Author: Huang, C.-K.
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MOPLH22 Focusing Studies of an Electron Beam in Diamond Field Emitter Array Cathodes 217
  • R.L. Fleming, H.L. Andrews, D. Gorelov, C.-K. Huang, D. Kim, J.W. Lewellen, K.E. Nichols, V.N. Pavlenko, E.I. Simakov
    LANL, Los Alamos, New Mexico, USA
  Funding: Los Alamos National Laboratory LDRD Program
We present the simulations and test results for focusing studies performed on diamond field emitter array cathodes. This design utilized a simple variable-focus solenoidal lens in conjunction with a scanning wire technique in order to measure the beam spot size. The spot size was measured by scanning a thin copper wire across the beam in 1 µm increments, with voltage being measured and averaged at each location in order to map the location and intensity of the beam. Scans were taken at different distances away from the magnetic center of the lens, and show good agreement with our simulations of the beam. Ultimately this has allowed us to focus the beam to a spot size of 5.72 µm with an average current of 15.78 µA.
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About • paper received ※ 27 August 2019       paper accepted ※ 05 September 2019       issue date ※ 08 October 2019  
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Comparison of Numerical Methods for the Calculation of Synchrotron Radiation From Electrons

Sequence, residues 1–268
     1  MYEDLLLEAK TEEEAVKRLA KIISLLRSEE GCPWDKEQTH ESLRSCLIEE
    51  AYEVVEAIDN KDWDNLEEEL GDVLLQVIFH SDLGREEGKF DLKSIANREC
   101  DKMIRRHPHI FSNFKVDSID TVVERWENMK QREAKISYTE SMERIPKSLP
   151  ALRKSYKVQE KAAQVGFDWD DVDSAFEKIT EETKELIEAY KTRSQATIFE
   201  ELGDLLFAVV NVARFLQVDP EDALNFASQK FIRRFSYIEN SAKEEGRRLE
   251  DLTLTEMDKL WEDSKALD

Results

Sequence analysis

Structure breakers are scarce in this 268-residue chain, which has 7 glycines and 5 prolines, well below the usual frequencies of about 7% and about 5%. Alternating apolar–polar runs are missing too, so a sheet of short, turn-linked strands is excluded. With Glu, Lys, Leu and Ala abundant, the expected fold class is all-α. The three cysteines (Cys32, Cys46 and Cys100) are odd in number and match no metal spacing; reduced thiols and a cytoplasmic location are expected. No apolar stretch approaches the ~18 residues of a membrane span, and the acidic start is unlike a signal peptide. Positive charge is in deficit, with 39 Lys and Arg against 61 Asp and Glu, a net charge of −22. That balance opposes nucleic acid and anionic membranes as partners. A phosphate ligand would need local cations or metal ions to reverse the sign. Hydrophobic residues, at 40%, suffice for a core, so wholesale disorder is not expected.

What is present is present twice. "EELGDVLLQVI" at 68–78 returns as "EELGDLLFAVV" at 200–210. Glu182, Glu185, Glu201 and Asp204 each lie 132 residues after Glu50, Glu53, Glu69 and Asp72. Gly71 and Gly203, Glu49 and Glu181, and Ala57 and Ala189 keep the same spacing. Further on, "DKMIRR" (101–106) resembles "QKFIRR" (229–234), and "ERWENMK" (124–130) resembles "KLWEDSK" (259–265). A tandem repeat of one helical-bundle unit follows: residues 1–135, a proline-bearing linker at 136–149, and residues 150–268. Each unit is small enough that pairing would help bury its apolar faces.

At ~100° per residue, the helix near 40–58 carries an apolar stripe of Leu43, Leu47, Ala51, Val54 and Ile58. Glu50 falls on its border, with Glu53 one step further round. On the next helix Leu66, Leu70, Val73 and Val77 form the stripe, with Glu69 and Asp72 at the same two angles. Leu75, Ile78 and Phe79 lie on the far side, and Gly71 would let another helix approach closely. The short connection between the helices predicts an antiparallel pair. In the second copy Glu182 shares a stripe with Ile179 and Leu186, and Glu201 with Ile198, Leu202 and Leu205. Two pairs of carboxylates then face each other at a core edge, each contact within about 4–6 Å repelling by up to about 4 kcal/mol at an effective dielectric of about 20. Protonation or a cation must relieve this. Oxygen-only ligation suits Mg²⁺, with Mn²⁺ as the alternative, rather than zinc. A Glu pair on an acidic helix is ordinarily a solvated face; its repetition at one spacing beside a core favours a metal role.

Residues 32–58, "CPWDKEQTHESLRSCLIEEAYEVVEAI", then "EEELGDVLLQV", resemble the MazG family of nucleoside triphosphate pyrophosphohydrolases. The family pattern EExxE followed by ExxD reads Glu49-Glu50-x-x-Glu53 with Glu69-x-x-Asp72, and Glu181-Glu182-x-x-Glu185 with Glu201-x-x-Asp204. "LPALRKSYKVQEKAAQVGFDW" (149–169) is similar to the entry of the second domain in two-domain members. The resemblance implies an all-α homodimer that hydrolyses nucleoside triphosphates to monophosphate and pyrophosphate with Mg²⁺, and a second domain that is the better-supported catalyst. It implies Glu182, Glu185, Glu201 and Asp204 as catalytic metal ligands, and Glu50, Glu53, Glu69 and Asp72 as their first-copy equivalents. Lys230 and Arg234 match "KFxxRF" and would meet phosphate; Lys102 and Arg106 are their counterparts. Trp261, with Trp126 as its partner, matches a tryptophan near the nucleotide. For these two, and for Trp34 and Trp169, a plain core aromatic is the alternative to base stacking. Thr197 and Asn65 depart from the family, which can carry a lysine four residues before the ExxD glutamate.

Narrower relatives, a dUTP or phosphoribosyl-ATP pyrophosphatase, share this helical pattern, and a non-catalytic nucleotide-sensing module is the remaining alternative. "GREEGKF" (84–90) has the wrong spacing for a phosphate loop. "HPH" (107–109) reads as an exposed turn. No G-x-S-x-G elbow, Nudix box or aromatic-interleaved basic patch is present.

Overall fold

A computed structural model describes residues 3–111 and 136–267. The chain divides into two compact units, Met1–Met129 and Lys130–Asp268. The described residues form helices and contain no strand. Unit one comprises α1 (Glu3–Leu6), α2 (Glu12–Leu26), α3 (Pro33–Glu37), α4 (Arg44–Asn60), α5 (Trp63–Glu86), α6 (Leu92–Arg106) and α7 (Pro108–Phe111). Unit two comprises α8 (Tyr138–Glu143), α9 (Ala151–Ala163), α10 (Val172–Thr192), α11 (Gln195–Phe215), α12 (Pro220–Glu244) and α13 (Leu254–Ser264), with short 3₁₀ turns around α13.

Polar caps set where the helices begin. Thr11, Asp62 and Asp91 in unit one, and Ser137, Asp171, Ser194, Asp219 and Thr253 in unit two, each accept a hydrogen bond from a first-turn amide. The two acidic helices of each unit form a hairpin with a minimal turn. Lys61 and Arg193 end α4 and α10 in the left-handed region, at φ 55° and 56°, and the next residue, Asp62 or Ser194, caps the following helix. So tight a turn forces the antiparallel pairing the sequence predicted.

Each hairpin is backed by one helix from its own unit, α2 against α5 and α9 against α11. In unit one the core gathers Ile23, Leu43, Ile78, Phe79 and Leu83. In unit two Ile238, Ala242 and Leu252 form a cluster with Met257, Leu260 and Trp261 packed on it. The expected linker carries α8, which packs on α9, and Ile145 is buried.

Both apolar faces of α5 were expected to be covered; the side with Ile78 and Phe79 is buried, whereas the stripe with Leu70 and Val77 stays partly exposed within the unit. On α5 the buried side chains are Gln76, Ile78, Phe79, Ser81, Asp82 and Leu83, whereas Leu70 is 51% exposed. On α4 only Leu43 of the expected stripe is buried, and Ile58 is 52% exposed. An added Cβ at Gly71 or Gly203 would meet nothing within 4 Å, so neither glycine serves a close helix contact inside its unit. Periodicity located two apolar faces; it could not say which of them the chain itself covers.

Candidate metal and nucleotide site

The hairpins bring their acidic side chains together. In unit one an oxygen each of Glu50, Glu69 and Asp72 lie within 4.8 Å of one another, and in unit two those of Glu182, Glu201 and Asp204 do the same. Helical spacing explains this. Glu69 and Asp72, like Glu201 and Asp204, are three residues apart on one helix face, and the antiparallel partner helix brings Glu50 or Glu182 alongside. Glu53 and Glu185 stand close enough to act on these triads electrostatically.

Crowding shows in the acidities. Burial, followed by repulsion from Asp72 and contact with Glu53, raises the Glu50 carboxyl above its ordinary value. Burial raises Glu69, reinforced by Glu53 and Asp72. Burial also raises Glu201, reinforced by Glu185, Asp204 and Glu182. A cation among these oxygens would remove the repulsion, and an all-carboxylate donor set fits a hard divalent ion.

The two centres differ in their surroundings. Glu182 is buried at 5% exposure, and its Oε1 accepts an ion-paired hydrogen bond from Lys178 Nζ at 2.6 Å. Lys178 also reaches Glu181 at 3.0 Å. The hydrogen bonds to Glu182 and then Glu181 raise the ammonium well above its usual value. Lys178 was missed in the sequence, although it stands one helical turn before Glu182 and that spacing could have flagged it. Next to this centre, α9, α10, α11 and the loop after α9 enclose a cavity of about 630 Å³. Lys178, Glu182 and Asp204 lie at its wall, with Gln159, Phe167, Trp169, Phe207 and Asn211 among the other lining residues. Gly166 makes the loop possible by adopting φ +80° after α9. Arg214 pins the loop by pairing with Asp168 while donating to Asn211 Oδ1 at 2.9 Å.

• F.Y. Li, B.E. Carlsten, R. Garimella, C.-K. Huang, T.J. Kwan
    LANL, Los Alamos, New Mexico, USA
  The phenomenon of synchrotron radiation from electrons is at the core of modern accelerator based light sources. While synchrotron radiation in the far field has been well established, the self-consistent beam dynamics due to the near-field synchrotron radiation becomes increasingly important as high-brightness beams and coherent light sources are developed. Since it is difficult to diagnose the near fields in experiments, accurate and efficient numerical methods are essential to the design of these light sources. Here, we investigate several existing methods for the calculation of the radiation near fields, including the finite difference method, the Lienard-Wiechert method and a novel near-field method. We compare the accuracy and efficiency of these methods in both 1D and multi-dimensions, for both steady-state and dynamic beam trajectories, both radiation field and space charge field, as well as for both coherent and incoherent fields. We also discuss a self-similarity feature in the synchrotron radiation that can be exploited to improve the calculation.
Work supported by the LDRD program at LANL.
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